Other Solutions and Considerations
Just as most pet owners initially chase a dog that has a stolen object, many will grab the dog and attempt to wrestle the object out of his mouth. Your dog will be completely confused by this behavior. His initial reaction will be to clamp down on the object, and your reaction is to then attempt to pry his mouth open. There is a good chance he will perceive this as an aggressive attack and may even growl. All of a sudden, what seemed like a fun game has turned into an altercation. Your dog may even keep this interaction in his learned behaviors and become aggressive and possessive over objects and food. If this scenario has played out in your home on more than one occasion, an experienced trainer can help you break the cycle and stop the grab and run as well.
Dogs take items and run because it is fun. Taking items provides an immediate reward because he has found something to play with, something to comfort him, or something to eat all in one action. When you chase him, it makes him even happier in that he has more fun and attention. Limiting his access to items you do not want him to have, teaching him to ‘leave it’ and stay out of the kitchen and dining room during meals, and providing him ample stimulation and activity throughout the day can limit his stealing. Rather than chase him when he steals, ignore him or offer a high reward treat in exchange.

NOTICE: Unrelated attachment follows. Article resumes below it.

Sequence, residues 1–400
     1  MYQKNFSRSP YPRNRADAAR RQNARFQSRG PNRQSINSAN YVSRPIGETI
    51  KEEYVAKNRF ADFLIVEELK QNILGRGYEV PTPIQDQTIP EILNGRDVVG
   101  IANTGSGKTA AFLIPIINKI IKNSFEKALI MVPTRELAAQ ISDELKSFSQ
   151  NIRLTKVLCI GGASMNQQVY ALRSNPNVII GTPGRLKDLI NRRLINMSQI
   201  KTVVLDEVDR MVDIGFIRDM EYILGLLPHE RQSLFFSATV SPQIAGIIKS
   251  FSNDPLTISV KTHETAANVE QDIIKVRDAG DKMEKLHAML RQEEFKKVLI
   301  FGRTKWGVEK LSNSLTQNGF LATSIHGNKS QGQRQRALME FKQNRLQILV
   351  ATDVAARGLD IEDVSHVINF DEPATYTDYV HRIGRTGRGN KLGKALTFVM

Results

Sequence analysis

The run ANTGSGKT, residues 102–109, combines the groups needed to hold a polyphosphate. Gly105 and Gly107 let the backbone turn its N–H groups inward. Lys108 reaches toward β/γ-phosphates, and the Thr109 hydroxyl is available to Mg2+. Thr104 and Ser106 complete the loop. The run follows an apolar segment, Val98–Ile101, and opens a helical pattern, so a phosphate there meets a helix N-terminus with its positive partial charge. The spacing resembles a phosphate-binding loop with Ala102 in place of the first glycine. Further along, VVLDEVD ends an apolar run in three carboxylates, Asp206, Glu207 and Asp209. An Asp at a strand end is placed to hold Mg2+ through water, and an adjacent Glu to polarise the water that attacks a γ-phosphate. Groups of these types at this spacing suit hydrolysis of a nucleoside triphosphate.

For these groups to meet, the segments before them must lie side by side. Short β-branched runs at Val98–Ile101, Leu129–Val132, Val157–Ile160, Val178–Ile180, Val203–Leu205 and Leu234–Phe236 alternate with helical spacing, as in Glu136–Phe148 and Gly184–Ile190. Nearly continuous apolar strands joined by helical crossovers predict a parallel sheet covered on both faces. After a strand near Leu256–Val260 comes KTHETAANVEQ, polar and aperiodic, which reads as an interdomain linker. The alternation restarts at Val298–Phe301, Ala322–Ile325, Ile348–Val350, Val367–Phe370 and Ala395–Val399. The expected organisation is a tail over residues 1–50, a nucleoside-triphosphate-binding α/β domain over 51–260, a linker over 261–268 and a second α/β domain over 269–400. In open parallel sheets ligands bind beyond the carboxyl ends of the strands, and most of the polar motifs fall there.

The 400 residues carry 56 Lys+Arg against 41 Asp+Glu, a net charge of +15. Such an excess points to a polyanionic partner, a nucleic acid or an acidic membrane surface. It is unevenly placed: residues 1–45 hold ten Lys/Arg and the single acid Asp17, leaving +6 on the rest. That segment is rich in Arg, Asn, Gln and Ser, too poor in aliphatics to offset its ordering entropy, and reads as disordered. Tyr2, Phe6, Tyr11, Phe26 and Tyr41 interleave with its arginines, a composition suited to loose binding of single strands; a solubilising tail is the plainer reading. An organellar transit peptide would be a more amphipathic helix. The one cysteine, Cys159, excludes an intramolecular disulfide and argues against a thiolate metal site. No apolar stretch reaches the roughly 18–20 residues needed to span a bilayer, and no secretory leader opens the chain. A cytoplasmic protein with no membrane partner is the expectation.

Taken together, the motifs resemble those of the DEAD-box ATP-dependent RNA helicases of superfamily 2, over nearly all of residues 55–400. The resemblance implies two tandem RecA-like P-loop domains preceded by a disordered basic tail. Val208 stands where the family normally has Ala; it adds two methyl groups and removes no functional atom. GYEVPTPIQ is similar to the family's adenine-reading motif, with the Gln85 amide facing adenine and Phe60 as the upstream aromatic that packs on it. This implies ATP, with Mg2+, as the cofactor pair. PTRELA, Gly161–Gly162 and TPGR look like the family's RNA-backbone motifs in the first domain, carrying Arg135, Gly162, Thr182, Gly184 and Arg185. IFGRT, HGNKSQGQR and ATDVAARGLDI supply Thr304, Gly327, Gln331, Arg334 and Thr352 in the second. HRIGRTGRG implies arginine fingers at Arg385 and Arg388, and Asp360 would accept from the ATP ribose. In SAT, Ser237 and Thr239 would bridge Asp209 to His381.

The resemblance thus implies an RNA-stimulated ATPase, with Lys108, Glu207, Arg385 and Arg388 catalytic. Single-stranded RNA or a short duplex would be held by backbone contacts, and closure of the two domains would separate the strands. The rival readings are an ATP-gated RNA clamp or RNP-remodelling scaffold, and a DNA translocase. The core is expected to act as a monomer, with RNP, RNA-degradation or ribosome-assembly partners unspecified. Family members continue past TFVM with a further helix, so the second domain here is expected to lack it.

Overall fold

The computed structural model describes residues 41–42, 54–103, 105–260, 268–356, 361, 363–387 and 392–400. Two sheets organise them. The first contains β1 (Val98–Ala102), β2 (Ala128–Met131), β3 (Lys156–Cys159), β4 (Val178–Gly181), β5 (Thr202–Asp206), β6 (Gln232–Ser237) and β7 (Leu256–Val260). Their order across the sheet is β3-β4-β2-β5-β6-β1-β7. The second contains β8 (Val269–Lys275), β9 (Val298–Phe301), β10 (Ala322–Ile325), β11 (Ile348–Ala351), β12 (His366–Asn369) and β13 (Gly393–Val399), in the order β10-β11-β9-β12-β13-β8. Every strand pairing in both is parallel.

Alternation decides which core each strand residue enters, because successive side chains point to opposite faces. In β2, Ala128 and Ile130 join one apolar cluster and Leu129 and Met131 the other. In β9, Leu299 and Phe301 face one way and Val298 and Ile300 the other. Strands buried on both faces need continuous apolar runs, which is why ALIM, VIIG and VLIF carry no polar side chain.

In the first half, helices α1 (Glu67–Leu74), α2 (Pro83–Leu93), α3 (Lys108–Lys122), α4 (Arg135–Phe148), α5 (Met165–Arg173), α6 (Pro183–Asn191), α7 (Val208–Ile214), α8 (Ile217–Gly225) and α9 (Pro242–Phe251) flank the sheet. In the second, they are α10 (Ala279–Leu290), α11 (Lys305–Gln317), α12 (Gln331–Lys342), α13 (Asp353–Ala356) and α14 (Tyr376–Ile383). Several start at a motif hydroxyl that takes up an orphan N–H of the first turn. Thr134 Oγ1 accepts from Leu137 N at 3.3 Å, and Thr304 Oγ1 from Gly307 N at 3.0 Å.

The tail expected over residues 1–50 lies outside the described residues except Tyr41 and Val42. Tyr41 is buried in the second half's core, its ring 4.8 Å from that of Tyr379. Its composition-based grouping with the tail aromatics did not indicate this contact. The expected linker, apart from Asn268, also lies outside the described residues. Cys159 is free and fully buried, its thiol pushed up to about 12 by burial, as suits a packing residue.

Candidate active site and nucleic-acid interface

By a Black Lab lover Zoe Byer
Published: 02/25/2018, edited: 01/30/2020